As more enterprises move toward cloud adoption, one of the main concerns that stays at the top of IT managers’ minds is data security. The cloud has gotten a bad rap for not offering complete security and for being simply another avenue for hackers to infiltrate systems. However, cloud infrastructure providers strive to offer the strongest protection possible to their customers. Cloud computing, when deployed smartly, can offer all the safety of traditional IT systems.
Security risks: Cloud edition
Data breaches sit at the top of The Cloud Security Alliance’s list of most dangerous cloud security threats. Data breaches of prominent companies have brought more of these kinds of security risks to light in recent years, like the one experienced by Target in 2013 and 2014 that affected the personal information of more than 70 million of its customers.
Companies don’t want their data to fall into the wrong hands – and the cost of a data breach has never been higher. So what are cloud providers doing to ensure the safety of the data and applications enterprises stored in the cloud?
“Cloud computing can be just as safe or safer than traditional on-premises data storage.”
Taking the right steps toward security
Cloud infrastructure providers are aware of their customers’ hesitancy when it comes to data security in the cloud. Aliyun, the cloud computing arm of China-based e-commerce giant Alibaba, recently announced a “Data Protection Pact” to help assuage fears of whether or not companies’ data is safe. The announcement came at the company’s inaugural Data Technology Day in Beijing, according to The Whir contributor Chris Burt. The pact is basically a promise on the part of Aliyun to retain responsibility for the data generated on its platform. Threat protection, data recovery and related security practices will be adopted by the company to ensure the safety of customer applications.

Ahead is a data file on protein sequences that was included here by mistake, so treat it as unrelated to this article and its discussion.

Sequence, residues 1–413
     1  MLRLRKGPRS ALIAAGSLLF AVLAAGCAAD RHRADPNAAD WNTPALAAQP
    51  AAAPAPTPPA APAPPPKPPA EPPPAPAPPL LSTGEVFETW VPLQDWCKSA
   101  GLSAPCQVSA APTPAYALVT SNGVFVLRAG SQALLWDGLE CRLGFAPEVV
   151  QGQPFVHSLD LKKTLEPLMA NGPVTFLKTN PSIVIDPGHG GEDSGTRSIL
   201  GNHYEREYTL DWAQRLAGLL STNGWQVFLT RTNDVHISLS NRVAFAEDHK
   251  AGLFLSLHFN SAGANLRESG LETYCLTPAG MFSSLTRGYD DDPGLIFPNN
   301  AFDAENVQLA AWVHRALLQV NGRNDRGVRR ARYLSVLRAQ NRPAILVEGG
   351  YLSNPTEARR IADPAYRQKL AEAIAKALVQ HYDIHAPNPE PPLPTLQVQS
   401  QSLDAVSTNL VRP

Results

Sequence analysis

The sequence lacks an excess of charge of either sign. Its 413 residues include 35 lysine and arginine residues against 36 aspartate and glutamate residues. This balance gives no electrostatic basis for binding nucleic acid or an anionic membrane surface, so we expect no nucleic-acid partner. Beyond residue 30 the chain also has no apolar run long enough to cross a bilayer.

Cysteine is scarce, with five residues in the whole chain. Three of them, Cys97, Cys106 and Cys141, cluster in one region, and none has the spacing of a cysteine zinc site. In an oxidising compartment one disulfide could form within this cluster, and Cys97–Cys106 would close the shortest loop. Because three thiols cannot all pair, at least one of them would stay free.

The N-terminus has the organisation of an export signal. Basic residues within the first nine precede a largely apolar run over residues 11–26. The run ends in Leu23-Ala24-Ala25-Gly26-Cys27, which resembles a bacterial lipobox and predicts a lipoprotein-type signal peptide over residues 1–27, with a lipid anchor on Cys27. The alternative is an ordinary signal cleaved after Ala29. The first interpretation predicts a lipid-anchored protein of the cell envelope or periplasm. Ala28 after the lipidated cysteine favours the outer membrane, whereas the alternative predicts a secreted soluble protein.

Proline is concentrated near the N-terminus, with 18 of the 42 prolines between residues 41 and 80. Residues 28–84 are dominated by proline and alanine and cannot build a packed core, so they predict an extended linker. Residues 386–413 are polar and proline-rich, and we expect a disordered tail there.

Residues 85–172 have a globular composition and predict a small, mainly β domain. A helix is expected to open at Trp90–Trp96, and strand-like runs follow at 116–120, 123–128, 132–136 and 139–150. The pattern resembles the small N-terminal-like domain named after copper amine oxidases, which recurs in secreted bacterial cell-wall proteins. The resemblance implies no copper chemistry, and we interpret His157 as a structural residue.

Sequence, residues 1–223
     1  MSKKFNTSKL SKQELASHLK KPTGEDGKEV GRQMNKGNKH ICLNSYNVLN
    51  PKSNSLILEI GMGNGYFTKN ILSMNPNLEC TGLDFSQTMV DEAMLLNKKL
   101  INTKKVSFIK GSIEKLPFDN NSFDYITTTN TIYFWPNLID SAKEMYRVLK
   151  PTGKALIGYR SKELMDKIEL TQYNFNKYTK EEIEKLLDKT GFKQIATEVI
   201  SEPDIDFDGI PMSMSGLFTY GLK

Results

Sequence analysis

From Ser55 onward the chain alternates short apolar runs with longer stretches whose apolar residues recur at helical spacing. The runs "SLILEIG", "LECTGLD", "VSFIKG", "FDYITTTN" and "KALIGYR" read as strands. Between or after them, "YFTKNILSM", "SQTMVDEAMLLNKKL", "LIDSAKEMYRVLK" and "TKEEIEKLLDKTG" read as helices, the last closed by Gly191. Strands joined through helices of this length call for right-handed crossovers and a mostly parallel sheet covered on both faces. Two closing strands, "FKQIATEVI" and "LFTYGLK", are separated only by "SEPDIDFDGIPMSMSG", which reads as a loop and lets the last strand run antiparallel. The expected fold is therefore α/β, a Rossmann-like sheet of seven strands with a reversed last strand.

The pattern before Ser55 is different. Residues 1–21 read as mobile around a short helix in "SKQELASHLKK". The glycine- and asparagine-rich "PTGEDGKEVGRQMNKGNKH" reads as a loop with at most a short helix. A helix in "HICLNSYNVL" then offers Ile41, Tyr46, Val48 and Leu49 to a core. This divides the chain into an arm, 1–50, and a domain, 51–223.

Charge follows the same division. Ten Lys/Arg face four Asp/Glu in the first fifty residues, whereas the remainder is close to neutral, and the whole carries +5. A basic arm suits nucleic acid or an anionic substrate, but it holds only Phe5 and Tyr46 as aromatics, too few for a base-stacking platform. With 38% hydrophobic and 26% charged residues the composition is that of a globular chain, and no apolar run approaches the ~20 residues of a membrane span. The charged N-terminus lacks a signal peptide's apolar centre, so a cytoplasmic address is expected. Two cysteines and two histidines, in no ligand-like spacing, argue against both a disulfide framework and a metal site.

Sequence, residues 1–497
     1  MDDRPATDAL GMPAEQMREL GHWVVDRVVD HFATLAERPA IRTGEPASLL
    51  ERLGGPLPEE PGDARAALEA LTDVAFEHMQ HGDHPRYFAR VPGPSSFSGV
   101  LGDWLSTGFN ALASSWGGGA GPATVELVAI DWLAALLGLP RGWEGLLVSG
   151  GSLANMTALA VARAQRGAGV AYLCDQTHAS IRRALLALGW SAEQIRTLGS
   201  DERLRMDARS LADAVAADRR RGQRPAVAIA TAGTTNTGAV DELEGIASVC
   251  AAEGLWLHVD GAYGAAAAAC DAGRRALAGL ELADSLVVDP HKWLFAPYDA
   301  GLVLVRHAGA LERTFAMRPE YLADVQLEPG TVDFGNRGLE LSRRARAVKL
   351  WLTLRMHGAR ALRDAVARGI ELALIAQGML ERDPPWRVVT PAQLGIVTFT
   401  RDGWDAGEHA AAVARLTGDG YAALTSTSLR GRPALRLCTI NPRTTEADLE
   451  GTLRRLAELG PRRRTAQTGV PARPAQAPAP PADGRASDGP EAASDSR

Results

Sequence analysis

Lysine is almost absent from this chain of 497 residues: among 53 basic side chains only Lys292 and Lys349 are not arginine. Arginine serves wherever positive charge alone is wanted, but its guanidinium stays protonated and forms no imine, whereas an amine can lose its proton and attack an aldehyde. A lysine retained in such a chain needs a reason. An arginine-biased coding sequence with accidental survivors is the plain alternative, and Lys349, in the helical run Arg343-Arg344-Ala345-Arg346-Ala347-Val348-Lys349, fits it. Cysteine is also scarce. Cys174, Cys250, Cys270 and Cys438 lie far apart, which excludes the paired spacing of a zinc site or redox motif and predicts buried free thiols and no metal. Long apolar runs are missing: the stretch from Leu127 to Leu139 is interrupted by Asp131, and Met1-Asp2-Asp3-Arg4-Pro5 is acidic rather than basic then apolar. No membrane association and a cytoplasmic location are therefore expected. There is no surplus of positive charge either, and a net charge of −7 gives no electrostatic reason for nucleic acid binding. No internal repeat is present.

Aliyun isn’t the only provider looking to increase cloud computing security. Microsoft announced mid-July that it would be spending $320 million to purchase Adallom, a cloud security company, according to CNET contributor Don Reisinger. Microsoft CEO Satya Nadella stressed in a leaked internal memo from June that the company would strive to make cloud computing solutions and security a top priority, and the acquisition of Adallom validates that claim.
Cloud security depends on deployment
Despite IT managers’ fears, the cloud can offer just as much, if not more, security for data and applications. According to CIO contributor David Spark, saying the cloud is less secure discounts all the variables that go into deploying a cloud solution, including the specific business needs of the deploying company. Not only that, but on-premises systems are hacked significantly more often than service providers, according to TechTarget contributor David Linthicum, with an average of 61.4 incidents versus the latter’s 27.8.
The bottom line is this: Cloud computing can be just as safe or safer than traditional on-premises data storage when companies find the right solution and tools for their specific business needs. Enterprises looking to invest in cloud infrastructure they can depend on should choose a provider with experience in keeping data safe in private clouds.